I’ve long been meaning to write down the story of the most magical road trip I’ve ever taken. Cape Breton is an island at the tippy top of Nova Scotia with an iconic 185 mile coastal loop road to help you explore it. Here be bears, wonderful wild landscapes and really excellent chicken wings.
TRAVEL DIARY: THE CAPE BRETON ROAD TRIP
ACROSS THE BRIDGE TO CAPE BRETON – 17 Sept
Here we go! The boot is packed with camping hammocks, hiking boots and plentiful snacks. My wonderful grandmother lives in Nova Scotia, and after a week of staying with her and eating all her food it’s time for Jake and I to hit the road and head for somewhere I’ve always been desperate to see – Cape Breton, an island off the eastern Canadian coast. The only thing between here and the Atlantic is Newfoundland, and the best way to explore the island’s wild, rugged coastline is the 185 mile-long coastal The Cabot Trail one of the most iconic road trips in the world.
We drive over the narrow causeway that separates Cape Breton from the mainland and head clockwise around the island. We’ve been driving for less than an hour when we pass a huge meadow of wild flowers and I insist that we stop so that I can run amok in them, Heidi style. They are just as glorious close up but also transpire to be a hellish breeding ground for midges that have clearly been waiting their entire (if short) lives for an idiot like me to walk into their domain.
After an emergency evacuation of the meadow and into the car, covered in midge bites, I’m quickly cheered up by the astonishing beauty of our drive. We follow wide, empty roads through deep forest and past wild meadows (no more frolicking in those!) and then emerge on one side of the ocean, climbing high above it, the road curving along the cliffs ahead.
Our first port of call is one of the loveliest Air BnBs I’ve ever stayed in. Hawthorne House is a remote wooden cabin down a dirt track with a tiny but extremely cosy room for us, complete with a wood panelled bathroom with a deep rolltop bath. The very best bit is Earl the dog, who races down the track to meet us and then acts as an enthusiastic tour guide (if quite demanding of cuddles) for the rest of our stay.
On the recommendation of Ron at Hawthorne House we seek out the Red Shoe Inn in the extremely cute town of Mabou for dinner. Inside is buzzy and busy and they do hands down the best junk food I have ever eaten in my entire life – hot chicken wings with a blue cheese and celery sauce. It’s the stuff of your chicken dreams. You should go to Cape Breton just for these wings.
GOING ON A BEAR HUNT – 18 Sept
The next morning, after really good dreams about blue cheese and a slobbery goodbye from Earl, we hit the road again. Our eyes are peeled for coffee, but instead we spot a tiny jetty and a swimming platform floating on a placid lake, deserted in the early morning. We can’t resist stopping for a morning swim, jumping off the jetty and paddling out to the pontoon. It’s the best shower ever (even if my brain is still singing out for caffeine).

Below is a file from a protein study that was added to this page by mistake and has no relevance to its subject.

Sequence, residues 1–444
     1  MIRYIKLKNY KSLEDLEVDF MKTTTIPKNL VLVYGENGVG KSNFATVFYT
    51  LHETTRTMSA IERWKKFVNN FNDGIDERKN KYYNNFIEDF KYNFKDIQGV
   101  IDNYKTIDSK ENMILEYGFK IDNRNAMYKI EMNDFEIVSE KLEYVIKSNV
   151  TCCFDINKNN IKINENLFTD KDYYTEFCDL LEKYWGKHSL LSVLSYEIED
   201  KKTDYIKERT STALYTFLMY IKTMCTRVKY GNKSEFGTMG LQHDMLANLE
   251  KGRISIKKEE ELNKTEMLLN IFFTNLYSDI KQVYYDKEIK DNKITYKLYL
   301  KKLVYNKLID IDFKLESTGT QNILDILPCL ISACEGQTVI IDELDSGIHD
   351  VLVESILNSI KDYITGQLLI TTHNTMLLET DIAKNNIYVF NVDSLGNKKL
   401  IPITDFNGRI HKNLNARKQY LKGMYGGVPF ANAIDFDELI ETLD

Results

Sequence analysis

Coffee fix sorted from fantastic Dancing Goat cafe in Margaree, we plan a long hike for the afternoon. My map of the island (there main loop road stays close to the coast, making CB a doddle to navigate) shows me that we’re now in Cape Mabou Highlands National Park, and that there are trails of all sizes to follow. The ever-correct Ron had also recommended hiking the Beaton trail (it’s not easy to find online but joins up with the shorter McKinnon’s Brook trail, which is mapped here. It turns out to be one of the loveliest hikes I’ve ever walked, taking us up through woodlands of silvery trees and then spitting us out onto cliffs high above the ocean. When we get to the bluff we find a box with a trail book to sign inside. Jake and I are only the second people to sign it in days.
I’ve been talking endlessly about wanting to spot a bear on our trip, but so far we’ve only encountered a few nosy chipmunks. From the trail box, we take a tiny path to the lookout point and sit to eat lunch, watching the ever-changing ocean below and looking back at the winding road we’ve been driving. And when we pack up to leave, we see it – a large, fresh bear print on the path, just yards away from us. I’d swear it wasn’t there before…
We haven’t thought too much about where to sleep, except that we have hammocks handy (having deliberated and decided that tents were too bulky to bring along), so when evening falls we set them up on the edge of Cheticamp campground. Multiple signs warn of inquisitive bears in the area, so we carefully pack away all of our food into the boot of the car and carry our hammocks a mile into the woods. I am just drifting off to sleep when I suddenly realise that in my rucksack, which is literally right below my face, is… a half-eaten Snickers bar. Surely peanuts and caramel are the stuff bears dream about? Jake is less panicked than me. “Just go to sleep, it’ll be fine”, he reassures me in the darkness. Instead I lie awake for hours, startled by the slightest rustles of the forest at night.